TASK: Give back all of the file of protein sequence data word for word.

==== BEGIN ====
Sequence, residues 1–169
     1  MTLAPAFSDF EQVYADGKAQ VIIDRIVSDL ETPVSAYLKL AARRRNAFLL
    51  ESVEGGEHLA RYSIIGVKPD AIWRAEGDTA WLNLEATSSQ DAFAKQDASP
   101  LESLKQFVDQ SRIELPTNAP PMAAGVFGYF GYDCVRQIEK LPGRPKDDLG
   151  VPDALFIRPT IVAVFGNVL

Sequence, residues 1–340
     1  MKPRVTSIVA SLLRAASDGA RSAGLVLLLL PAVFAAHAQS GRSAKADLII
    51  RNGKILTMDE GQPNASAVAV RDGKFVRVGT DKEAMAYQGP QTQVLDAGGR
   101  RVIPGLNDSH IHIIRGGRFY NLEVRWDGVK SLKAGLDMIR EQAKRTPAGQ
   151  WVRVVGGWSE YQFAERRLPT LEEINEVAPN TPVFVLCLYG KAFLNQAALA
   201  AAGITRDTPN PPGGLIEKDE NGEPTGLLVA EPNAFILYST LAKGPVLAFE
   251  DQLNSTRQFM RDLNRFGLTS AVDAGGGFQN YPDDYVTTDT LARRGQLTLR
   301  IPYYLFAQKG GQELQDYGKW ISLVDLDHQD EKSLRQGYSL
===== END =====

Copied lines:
Sequence, residues 1–169
     1  MTLAPAFSDF EQVYADGKAQ VIIDRIVSDL ETPVSAYLKL AARRRNAFLL
    51  ESVEGGEHLA RYSIIGVKPD AIWRAEGDTA WLNLEATSSQ DAFAKQDASP
   101  LESLKQFVDQ SRIELPTNAP PMAAGVFGYF GYDCVRQIEK LPGRPKDDLG
   151  VPDALFIRPT IVAVFGNVL

Sequence, residues 1–340
     1  MKPRVTSIVA SLLRAASDGA RSAGLVLLLL PAVFAAHAQS GRSAKADLII
    51  RNGKILTMDE GQPNASAVAV RDGKFVRVGT DKEAMAYQGP QTQVLDAGGR
   101  RVIPGLNDSH IHIIRGGRFY NLEVRWDGVK SLKAGLDMIR EQAKRTPAGQ
   151  WVRVVGGWSE YQFAERRLPT LEEINEVAPN TPVFVLCLYG KAFLNQAALA
   201  AAGITRDTPN PPGGLIEKDE NGEPTGLLVA EPNAFILYST LAKGPVLAFE
   251  DQLNSTRQFM RDLNRFGLTS AVDAGGGFQN YPDDYVTTDT LARRGQLTLR
   301  IPYYLFAQKG GQELQDYGKW ISLVDLDHQD EKSLRQGYSL